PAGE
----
This blog explores the enforceability of employment restraint of trade clauses post-employment in Victoria.
Types of restraints may include;
Employers, if successful in their application to Court, can obtain an injunction preventing a former employee from doing X to prevent detriment being done to their business for a reasonable period of time.
A recent decision by Justice Dixon in the Victorian Supreme Court dealt with the test of applicable principles in enforcing restraints. In Epichealth Pty Ltd v Yang  VSC 516 , the Judge stated importantly that the principles applicable to the enforceability of contracts in restraint of trade are well settled. This should ultimately give a good degree of certainty to employers about what exactly they are up against legally if they choose to litigate in the post-employment period. The enforceability principles are as follows;
Didn’t quite understand that? In a nutshell, this decision means that it is up to the employer to provide evidence to the Court in the form of special circumstances that would make issuing the restraint reasonable in the circumstances. The legitimate business interests of an employer, which may be the subject of protection, most often will include proprietary interests including; the employer’s trade secrets, intellectual property, confidential information, goodwill – including customer base and connections. Skills that are ordinarily obtained and are reasonably relied upon throughout the course of the employees employment will be set aside by the Court in determining whether special circumstances truly exist. It is therefore imperative if you are operating in a highly confidential industry or niche market, for your employees contracts to contain restraint clauses. This is because the Courts are more likely to provide injunctive relief if you have something special that is unique to your business to that requires protection from future exploitation.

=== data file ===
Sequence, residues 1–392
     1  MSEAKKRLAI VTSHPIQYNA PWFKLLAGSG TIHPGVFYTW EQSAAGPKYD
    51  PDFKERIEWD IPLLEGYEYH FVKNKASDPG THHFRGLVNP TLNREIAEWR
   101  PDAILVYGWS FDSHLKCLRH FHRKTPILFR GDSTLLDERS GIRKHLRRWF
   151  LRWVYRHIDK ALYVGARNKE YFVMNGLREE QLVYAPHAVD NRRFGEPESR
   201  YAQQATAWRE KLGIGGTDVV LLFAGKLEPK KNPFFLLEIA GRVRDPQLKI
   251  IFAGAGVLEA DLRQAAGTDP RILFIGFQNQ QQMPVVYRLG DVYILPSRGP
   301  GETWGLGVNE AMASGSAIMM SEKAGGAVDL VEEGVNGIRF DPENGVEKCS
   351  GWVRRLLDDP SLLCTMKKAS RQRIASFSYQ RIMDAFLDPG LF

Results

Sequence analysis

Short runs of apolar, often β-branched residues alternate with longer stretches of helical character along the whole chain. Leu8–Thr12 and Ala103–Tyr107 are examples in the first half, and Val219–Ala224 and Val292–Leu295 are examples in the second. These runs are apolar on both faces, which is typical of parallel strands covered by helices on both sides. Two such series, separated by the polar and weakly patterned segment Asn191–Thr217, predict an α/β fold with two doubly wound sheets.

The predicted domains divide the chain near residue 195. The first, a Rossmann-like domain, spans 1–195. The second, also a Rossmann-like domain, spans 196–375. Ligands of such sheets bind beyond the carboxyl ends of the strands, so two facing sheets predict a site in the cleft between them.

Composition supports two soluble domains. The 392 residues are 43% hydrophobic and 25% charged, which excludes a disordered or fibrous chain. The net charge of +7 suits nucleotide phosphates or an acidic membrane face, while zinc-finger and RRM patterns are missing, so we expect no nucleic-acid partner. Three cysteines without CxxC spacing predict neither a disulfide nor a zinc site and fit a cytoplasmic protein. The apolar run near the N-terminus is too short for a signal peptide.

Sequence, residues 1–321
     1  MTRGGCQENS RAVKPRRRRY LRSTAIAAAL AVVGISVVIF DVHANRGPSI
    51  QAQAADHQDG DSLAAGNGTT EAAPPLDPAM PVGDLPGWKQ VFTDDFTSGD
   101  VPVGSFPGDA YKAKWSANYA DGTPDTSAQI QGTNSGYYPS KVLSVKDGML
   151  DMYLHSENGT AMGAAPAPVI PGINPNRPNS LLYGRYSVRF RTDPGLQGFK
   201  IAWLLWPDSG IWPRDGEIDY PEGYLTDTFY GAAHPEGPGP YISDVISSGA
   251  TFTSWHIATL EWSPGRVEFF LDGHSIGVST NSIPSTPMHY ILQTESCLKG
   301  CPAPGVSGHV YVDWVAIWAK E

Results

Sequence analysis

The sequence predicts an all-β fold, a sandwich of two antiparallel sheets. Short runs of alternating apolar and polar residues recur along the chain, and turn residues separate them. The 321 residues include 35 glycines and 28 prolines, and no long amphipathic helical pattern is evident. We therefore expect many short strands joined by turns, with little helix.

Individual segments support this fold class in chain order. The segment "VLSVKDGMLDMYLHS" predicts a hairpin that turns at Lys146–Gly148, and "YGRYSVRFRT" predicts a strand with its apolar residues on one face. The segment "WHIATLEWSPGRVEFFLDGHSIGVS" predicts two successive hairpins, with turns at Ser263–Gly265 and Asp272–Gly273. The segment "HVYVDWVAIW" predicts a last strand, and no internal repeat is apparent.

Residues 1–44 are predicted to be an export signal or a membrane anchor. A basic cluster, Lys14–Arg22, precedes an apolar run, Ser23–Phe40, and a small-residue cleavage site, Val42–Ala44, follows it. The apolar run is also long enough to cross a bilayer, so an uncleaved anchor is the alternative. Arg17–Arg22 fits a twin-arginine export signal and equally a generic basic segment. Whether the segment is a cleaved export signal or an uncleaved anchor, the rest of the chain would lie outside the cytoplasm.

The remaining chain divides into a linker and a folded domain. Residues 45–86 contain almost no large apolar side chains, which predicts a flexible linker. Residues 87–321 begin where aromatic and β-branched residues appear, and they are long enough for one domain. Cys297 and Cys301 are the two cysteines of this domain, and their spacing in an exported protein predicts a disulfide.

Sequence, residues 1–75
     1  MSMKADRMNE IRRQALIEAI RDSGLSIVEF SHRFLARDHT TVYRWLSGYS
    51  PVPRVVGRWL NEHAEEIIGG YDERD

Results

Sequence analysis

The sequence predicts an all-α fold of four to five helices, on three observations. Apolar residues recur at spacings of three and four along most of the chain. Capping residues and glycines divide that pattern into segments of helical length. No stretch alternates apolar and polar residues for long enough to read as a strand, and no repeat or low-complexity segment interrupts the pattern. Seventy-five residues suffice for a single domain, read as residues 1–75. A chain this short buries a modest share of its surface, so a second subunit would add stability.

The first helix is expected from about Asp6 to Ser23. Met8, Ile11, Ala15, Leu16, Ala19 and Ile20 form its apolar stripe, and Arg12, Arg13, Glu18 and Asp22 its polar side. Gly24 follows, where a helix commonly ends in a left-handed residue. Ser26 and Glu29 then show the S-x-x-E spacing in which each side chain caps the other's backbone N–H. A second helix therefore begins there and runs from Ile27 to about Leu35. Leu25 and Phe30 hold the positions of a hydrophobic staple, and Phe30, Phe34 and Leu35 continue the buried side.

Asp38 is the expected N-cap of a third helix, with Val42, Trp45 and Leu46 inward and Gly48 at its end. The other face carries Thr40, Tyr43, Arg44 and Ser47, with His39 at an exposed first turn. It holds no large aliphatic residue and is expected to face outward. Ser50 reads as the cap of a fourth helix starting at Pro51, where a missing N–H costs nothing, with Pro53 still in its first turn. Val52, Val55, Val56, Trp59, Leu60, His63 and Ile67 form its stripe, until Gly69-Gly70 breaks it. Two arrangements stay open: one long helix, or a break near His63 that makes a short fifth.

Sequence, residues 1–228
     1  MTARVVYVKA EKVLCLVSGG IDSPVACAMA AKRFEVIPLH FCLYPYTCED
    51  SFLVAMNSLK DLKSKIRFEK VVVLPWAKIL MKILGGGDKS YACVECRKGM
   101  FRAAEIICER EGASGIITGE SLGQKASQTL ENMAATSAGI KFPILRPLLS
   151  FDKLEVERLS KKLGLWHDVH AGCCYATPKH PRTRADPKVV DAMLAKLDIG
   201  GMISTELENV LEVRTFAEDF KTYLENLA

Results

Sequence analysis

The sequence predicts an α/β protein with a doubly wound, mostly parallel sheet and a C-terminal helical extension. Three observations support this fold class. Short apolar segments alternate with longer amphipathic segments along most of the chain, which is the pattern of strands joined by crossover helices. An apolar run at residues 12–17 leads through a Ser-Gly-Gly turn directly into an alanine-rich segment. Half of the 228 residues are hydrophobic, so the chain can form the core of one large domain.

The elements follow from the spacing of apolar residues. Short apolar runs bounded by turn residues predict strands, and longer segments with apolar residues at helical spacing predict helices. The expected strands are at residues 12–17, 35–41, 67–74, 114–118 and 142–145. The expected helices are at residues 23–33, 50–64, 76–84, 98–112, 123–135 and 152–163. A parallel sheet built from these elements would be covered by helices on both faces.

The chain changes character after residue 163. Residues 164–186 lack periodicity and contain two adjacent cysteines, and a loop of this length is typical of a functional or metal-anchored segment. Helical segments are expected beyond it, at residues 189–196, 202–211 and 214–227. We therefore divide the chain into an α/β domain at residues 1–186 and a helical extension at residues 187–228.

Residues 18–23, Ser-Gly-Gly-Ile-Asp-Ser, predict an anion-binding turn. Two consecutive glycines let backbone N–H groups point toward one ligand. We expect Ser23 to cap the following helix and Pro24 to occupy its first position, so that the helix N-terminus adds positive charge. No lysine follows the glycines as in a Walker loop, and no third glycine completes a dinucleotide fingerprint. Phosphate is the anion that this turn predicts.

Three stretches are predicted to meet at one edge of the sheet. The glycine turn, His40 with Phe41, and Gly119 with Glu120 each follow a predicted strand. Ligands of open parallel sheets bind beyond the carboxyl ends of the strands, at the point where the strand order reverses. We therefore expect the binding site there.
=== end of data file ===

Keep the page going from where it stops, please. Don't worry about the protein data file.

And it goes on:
It is worth noting that mere competition (or the likelihood of) by a former employee against their former employer will not be enough in itself to warrant injunctive relief. A non-solicitation clause may prevent a former employee from approaching clients of the former employer, but this can only be for a reasonable period of time. As a general guide and depending on the facts this can range from anywhere between 3 months to three years. Clauses will often also include locations and distances which preclude former employees from competing in a particular area (again if reasonable). This is where a considerable amount of litigation originates as what is ‘reasonable’ will ultimately be dependent on the facts of each case with an objective analysis of the marketplace concerned.
The importance of protecting your business in the post-employment phase through carefully constructed restraint clauses is incredibly important. At the end of the day, all that you’ve worked for as an employer could potentially come in one door and leave straight out the other if diligent care isn’t initially taken at the employment agreement phase!
The Workplace Relations Team at Aitken Partners can assist with drafting employment agreements and appropriate restraint clauses, tailored specifically for your business needs and requirements.